The word μετά (G3326 - meta - Strong's Greek Lexicon) is translated as "with" 345 times, as "after" 88 times, as "among" 5 times, … .

It appears in Acts 20:6:

… we sailed away from Philippi after the Days of Unleavened Bread …

Throughout the scriptures, other meanings occur 4 times as often as "after", so could this word reasonably be translated as something other than "after", such as "during the days of Unleavened Bread"?

2 Answers 2


Two cases must be considered when translating μετά according to BDAG:

A: with genitive:

  1. marker of placement, with among, in company with something, eg, Mark 1:13, 14:44, etc
  2. marker of association in general sense denoting the company within which something take place, eg, Matt 20:20, Mark 1:29, etc
  3. marker of attendant circumstances of something that takes place, with, eg, Luke 14:9, etc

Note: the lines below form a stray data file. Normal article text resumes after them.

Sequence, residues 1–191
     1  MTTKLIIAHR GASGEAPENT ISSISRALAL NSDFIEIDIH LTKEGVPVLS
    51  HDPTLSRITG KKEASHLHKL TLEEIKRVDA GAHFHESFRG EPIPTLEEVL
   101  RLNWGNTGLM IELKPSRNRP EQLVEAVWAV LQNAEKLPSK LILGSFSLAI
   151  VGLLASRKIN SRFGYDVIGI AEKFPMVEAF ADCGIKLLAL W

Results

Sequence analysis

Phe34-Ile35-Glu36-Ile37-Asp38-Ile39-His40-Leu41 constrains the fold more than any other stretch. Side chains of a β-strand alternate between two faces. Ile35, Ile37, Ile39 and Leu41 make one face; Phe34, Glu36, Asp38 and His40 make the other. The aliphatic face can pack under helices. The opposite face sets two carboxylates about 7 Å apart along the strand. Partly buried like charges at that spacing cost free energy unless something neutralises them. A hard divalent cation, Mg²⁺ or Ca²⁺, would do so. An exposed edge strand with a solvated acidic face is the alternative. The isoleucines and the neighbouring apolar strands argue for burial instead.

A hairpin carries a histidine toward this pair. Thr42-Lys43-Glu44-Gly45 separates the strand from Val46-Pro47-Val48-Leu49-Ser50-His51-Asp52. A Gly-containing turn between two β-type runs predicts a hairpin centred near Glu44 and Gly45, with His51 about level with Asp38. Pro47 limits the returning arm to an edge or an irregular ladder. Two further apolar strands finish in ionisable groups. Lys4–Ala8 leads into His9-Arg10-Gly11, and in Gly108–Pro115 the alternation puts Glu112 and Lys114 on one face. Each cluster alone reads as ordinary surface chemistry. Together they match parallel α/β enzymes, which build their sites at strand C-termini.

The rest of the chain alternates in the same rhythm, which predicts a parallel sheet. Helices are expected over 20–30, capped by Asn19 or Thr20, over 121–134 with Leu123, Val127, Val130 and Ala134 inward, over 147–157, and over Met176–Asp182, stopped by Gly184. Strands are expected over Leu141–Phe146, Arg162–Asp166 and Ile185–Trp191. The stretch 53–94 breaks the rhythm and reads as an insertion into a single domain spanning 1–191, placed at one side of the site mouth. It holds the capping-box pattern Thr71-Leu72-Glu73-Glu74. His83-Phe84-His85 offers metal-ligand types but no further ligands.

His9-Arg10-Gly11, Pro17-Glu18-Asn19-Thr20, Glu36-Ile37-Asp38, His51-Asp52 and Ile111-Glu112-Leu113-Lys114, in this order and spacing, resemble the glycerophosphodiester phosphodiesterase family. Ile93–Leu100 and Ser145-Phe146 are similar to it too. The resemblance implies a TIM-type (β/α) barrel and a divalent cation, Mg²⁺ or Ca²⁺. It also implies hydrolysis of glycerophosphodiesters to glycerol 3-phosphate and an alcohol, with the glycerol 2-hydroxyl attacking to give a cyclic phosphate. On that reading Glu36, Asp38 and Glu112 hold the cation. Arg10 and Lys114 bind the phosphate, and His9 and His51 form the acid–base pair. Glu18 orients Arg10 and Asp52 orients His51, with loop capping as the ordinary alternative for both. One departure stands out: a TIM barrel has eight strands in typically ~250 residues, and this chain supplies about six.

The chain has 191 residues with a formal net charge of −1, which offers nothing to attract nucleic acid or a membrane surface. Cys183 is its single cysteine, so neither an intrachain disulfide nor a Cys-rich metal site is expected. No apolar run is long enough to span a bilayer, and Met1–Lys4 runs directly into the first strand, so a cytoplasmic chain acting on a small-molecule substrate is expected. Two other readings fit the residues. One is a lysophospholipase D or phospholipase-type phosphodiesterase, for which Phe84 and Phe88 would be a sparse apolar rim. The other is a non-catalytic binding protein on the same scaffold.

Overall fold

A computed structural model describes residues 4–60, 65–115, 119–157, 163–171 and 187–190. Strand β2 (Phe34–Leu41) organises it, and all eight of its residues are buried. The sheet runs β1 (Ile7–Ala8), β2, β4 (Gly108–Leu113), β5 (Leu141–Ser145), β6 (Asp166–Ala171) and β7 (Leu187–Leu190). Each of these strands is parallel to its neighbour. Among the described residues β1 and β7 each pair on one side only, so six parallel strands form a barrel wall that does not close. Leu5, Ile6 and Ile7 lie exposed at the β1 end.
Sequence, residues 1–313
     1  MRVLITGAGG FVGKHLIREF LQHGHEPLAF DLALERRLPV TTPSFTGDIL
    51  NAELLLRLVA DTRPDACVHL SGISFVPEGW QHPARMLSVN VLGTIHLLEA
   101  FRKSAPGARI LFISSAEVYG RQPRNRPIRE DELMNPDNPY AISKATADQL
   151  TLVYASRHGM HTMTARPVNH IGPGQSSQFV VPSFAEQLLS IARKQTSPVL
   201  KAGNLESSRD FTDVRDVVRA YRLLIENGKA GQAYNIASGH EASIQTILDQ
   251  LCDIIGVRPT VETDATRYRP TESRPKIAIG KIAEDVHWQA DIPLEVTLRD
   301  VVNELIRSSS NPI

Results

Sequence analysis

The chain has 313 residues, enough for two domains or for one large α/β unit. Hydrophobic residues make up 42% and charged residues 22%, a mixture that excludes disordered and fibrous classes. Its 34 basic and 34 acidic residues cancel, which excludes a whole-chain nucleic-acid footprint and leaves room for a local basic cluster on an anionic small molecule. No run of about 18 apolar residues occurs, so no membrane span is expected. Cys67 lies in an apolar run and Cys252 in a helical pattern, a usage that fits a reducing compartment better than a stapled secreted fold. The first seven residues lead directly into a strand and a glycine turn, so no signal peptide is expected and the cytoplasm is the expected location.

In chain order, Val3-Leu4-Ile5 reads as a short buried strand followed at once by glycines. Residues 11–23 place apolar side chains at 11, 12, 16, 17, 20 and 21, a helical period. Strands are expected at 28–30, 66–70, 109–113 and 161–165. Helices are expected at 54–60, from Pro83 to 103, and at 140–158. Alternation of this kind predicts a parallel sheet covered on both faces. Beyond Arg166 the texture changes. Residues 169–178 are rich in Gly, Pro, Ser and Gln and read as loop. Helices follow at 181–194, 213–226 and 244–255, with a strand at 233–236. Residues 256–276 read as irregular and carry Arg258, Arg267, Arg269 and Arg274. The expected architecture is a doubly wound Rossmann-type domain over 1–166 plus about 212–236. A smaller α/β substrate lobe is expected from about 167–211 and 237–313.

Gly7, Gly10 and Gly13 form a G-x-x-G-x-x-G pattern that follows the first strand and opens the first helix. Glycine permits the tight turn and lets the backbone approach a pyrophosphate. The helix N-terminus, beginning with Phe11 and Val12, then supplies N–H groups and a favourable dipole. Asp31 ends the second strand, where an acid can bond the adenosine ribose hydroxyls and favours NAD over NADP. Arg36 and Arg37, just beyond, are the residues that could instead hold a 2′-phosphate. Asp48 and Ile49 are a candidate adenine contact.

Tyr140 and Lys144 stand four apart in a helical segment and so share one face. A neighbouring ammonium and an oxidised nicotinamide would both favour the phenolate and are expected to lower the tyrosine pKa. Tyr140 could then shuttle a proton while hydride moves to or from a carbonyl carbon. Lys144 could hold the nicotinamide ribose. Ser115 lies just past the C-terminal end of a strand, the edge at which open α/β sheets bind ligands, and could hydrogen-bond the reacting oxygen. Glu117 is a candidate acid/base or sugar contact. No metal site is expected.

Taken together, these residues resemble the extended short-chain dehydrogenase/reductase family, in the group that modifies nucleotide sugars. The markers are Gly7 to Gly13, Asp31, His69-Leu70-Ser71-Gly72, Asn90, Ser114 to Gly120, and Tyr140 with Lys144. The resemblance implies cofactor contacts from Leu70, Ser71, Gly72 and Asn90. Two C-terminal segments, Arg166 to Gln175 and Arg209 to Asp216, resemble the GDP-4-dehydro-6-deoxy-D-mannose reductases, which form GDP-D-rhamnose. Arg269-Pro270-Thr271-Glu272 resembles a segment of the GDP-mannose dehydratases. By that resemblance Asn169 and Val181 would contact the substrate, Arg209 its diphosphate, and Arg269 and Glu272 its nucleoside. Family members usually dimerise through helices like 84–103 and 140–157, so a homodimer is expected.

B: with accusative: (as in Acts 20:6)

In our literature (NT, etc) only with the meaning after, behind.

  1. Marker of position that is behind something, behind, eg, Heb 9:3
  2. Marker of time after another point of time, after, eg, Matt 25:19, Heb 4:7, Matt 17:1, Mark 9:2, Matt 27:63, Mark 8:31, 10:34, Luke 2:46, Matt 26:2, Mark 14:1, Acts 15:36, 24:24, Luke 15:13, Acts 1:5, 28:11, Gal 1:18, 3:17, etc, etc (many more)

Thus, the translation "after" is extremely common, and the translation "during" is unknown.

  • @RayButterworth - my apologies - quite correct of you point out my error. I have now corrected it. Many thanks.
    – Dottard
    Jul 5 at 20:40

Daniel B Wallace in Beyond the Basics (p377) lists five meanings of meta :

With Genitive

  • Association/accompaniment . . . with, in company with
  • Spatial . . . with, among
  • Manner . . . with

With Accusative (as, here, in Acts 20:6, see below)

  • Temporal . . . after, behind
  • Spatial (rare) . . . after, behind

So 'after', by Daniel B Wallace's reckoning, would be correct.

Note : emeras (days) could be either genitive singular or accusative plural but the context and the article, tas, make it clear that it is definitely accusative plural. See Bagster's Analytical Greek Lexicon p87.

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